• Address known interoperability issue with the spec. The current version added support for the HTTP Authorization header as an afterthought. I would like to make it the central interop mechanism.
  • Extend OAuth’s adoption beyond social web applications. The reality is, this brave new world of community-driven specifications is still young, and many large institutions still look for a seal of approval from well established bodies to adopt protocols. Academic institutions, governments, financial services, and other will not adopt a specification until it has won such approval.

OAuth doesn’t Address My Use Case, How can I Extend it?

This must be the most common question I’ve been asked. Over the past year I have been asked by companies and communities how they can get their proposed extension adopted as an official extension. Well, you can’t. Not because it is such an exclusive process, but simply because there is no such a thing.

In theory, if you get my name on your spec together with some other prominent OAuth authors like Blaine Cook, people will consider your extension official. But that is nothing more than perception. I don’t have any powers to make your specification any more official than it really is. But there is a way to make it stand out.

By doing it.

Write code and document what you have done. There are many people who will gladly help you turn that into a specification (myself included). Publish that draft on your own website or in the community depot. There is no such thing as an official extension. But we do have extensions with wide support from many key people in the OAuth community and to accomplish that, more than anything else, you need to produce running code.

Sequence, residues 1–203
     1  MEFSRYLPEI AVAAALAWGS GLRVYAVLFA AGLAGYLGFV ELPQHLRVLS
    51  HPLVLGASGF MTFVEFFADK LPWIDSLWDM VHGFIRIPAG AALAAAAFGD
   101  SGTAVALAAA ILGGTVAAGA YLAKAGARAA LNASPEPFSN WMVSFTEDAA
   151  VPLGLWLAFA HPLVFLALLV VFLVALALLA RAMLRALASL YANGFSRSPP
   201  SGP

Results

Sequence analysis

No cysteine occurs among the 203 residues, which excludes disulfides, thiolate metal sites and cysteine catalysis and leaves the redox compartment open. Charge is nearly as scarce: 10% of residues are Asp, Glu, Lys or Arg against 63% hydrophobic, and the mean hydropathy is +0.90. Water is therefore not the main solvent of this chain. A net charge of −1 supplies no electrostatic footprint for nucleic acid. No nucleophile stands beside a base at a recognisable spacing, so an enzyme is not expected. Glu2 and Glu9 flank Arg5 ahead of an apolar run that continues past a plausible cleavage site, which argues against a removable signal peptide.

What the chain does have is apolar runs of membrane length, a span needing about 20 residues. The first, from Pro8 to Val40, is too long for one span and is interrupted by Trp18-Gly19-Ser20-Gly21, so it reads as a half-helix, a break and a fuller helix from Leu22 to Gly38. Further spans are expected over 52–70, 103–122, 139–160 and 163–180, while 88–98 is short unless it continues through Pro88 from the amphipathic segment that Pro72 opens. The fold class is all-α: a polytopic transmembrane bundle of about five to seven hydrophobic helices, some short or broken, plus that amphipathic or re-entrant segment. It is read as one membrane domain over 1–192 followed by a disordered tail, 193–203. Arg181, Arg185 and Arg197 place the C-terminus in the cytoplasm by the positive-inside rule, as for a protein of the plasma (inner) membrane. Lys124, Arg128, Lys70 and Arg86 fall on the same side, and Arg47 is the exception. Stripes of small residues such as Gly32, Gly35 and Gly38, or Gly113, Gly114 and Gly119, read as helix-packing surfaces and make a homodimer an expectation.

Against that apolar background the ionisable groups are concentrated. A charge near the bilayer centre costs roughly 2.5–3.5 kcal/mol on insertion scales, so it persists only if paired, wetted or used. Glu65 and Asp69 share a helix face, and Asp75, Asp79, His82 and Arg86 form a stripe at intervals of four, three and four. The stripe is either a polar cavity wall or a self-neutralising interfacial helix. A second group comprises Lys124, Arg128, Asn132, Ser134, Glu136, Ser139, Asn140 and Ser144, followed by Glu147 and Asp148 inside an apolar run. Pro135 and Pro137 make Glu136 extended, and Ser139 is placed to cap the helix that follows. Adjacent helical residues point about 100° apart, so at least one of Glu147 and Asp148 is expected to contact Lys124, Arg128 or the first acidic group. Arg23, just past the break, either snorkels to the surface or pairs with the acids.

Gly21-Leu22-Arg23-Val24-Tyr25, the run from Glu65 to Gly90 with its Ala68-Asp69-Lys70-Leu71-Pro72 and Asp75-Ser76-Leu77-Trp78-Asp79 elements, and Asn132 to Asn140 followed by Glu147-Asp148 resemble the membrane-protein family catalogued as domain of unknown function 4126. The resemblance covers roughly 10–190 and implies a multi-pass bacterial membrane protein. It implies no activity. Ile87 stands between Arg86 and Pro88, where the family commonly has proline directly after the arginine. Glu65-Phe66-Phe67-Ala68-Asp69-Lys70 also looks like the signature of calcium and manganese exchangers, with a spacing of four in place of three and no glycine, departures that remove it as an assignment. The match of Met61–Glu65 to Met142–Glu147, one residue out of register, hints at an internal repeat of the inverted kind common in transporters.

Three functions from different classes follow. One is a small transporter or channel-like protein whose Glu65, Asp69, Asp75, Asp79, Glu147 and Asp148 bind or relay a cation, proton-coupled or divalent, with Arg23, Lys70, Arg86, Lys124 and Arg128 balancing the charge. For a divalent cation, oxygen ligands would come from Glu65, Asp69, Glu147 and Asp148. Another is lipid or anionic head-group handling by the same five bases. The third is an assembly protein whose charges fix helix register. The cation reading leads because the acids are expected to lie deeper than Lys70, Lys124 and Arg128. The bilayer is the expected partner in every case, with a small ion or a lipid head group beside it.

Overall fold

The best place to propose and discuss extensions is where they belong. That is, within the community that is going to implement and use them. If the extension is generic enough, you can bring it up on the OAuth community extension mailing list.

Any Upcoming OAuth Events?

We have a session scheduled for March 23th (5:40pm PST) during the IETF 74th meeting in San Francisco. The goal of the meeting is to move closer to forming an IETF working group based on the final charter language. Some people suggested holding another OAuth summit but so far these are just suggestions. I do want to hold a public code review event for OAuth libraries, but more on that later.

2 thoughts on “State of the (OAuth) Union

  1. How can I participate freely in the OAuth session at the IETF meeting? When I go to register to attend, it seems that the IETF is charging $635 to come and participate in person.

  2. While considered bad form to show up to an IETF meeting unregistered, I doubt anyone will stop you from coming in… But the IETF registration fee is how the IETF pays for not just the event, but the entire organization, most notably the RFC editors.
    And as you know, since you did it last time when we had the OAuth BoF in MN, you can join the conversation using the Jabber room. You might not be aware of but your comments were read out loud to the whole room. Many people cannot attend these meetings in person and they make it easy to participate remotely.
    Hope this helps.